How to solve this BIG AND COMPLEX PROBLEM? Are these also the WICKED PROBLEMS?
Tony asks in his post on Some critical reflections on MOOC:
To what extent do MOOCs really change the nature of the game, and to what extent are they more an extension and development of what has gone before – and hence should aim to incorporate previous best practices? Or will that destroy them?
A learner-centred approach has evolved in the recent MOOCs, and the learning that emerged significantly inverted how learning could be achieved, despite the complexity and chaotic nature of learning on the social webs, and internet.
The “phenomenal” scaling at a massive level with online learning is planting the seedlings for more experimental testing of both structured formal education and open structure of online learning with “personal learning”.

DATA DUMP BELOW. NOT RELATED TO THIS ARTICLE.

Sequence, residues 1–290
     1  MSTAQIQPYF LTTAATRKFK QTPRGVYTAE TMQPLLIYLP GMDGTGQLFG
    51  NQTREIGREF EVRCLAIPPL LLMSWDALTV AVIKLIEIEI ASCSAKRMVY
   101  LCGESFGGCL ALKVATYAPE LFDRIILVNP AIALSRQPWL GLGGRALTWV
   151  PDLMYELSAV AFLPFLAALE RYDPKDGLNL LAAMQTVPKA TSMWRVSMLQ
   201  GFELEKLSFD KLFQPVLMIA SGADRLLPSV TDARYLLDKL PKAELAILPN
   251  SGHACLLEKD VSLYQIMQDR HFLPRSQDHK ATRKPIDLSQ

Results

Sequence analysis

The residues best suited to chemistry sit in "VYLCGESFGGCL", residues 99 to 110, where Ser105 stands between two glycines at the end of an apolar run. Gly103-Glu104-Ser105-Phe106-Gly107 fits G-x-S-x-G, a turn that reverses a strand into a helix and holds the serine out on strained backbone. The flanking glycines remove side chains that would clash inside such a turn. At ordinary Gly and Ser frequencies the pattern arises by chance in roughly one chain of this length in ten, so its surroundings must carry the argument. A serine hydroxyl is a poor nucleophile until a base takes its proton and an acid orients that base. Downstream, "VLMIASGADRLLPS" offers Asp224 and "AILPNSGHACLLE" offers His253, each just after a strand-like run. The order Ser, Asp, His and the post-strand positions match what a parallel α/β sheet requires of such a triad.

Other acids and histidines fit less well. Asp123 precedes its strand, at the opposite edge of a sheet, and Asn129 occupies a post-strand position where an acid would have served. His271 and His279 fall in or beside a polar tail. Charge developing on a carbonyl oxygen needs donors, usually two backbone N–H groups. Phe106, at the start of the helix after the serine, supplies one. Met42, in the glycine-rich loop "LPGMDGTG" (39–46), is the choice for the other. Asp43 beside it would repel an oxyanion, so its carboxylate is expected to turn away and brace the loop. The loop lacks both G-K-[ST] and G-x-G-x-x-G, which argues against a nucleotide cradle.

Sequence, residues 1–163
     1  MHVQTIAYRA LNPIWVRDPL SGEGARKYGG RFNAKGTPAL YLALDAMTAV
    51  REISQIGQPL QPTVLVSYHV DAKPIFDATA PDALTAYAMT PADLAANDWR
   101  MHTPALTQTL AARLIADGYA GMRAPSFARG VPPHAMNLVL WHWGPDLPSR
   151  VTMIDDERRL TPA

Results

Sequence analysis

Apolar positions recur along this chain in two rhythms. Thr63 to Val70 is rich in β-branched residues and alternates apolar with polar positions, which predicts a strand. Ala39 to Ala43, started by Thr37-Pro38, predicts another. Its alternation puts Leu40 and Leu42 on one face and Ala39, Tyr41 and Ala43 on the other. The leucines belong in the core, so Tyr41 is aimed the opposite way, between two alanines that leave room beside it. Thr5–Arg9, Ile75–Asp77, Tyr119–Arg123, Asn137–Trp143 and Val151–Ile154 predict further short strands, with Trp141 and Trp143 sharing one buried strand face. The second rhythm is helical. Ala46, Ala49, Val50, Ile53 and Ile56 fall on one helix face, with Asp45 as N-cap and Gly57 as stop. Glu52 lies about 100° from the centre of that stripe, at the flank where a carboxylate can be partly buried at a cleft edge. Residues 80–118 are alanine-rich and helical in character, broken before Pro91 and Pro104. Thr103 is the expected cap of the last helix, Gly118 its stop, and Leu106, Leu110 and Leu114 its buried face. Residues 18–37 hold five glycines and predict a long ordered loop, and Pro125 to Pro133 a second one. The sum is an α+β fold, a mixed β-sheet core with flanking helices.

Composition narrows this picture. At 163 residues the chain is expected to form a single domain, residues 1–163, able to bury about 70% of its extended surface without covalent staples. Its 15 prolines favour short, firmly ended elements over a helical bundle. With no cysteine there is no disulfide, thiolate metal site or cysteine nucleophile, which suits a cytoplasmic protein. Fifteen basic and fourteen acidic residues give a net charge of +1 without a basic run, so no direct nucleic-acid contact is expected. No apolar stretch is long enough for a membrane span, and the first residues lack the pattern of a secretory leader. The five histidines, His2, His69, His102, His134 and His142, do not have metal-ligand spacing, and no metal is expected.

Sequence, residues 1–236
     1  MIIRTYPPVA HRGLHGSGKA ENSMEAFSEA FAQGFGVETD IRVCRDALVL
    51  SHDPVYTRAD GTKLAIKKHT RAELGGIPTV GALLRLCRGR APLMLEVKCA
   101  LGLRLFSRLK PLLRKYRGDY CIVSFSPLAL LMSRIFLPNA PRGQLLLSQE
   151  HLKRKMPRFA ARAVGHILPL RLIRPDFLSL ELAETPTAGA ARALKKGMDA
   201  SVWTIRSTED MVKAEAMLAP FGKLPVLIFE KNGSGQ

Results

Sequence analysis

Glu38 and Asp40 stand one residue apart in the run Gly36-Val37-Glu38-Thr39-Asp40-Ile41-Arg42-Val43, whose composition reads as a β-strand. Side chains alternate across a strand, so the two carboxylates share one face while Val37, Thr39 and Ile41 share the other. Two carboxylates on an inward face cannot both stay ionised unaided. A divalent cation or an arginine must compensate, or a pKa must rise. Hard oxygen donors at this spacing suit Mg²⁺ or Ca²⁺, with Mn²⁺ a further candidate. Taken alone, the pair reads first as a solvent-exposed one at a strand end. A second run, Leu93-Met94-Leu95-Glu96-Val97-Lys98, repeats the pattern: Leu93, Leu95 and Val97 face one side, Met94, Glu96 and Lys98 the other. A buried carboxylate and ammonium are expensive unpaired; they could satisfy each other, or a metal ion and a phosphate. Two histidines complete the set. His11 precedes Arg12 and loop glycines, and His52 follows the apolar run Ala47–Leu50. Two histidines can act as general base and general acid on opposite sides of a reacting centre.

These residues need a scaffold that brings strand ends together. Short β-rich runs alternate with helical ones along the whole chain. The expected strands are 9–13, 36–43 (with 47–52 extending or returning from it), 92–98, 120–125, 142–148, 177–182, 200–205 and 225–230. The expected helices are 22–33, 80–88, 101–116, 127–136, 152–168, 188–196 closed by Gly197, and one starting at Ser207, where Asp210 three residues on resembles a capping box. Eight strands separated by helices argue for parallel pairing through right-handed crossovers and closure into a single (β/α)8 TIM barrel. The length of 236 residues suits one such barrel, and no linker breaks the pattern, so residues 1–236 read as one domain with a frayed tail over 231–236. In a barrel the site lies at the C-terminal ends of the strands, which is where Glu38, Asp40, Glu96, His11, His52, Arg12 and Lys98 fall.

The offer of “MOOCs” via Stanford AI and Machine Learning, Udacity, Coursera, University of People are just some of the initiatives that open up new education opportunities to global learners.
In the case of MOOC, what are some of the challenges? I think one of the biggest challenges relates to the wicked problems as shared in my previous post:
“Fragmentation suggests a condition in which the people involved see themselves as more separate than united, and in which information and knowledge are chaotic and scattered. The fragmented pieces are, in essence, the perspectives, understandings, and intentions of the collaborators. Fragmentation, for example, is when the stakeholders in a project are all convinced that their version of the problem is correct. Fragmentation can be hidden, as when stakeholders don’t even realize that there are incompatible tacit assumptions about the problem, and each believes that his or her understandings are complete and shared by all.”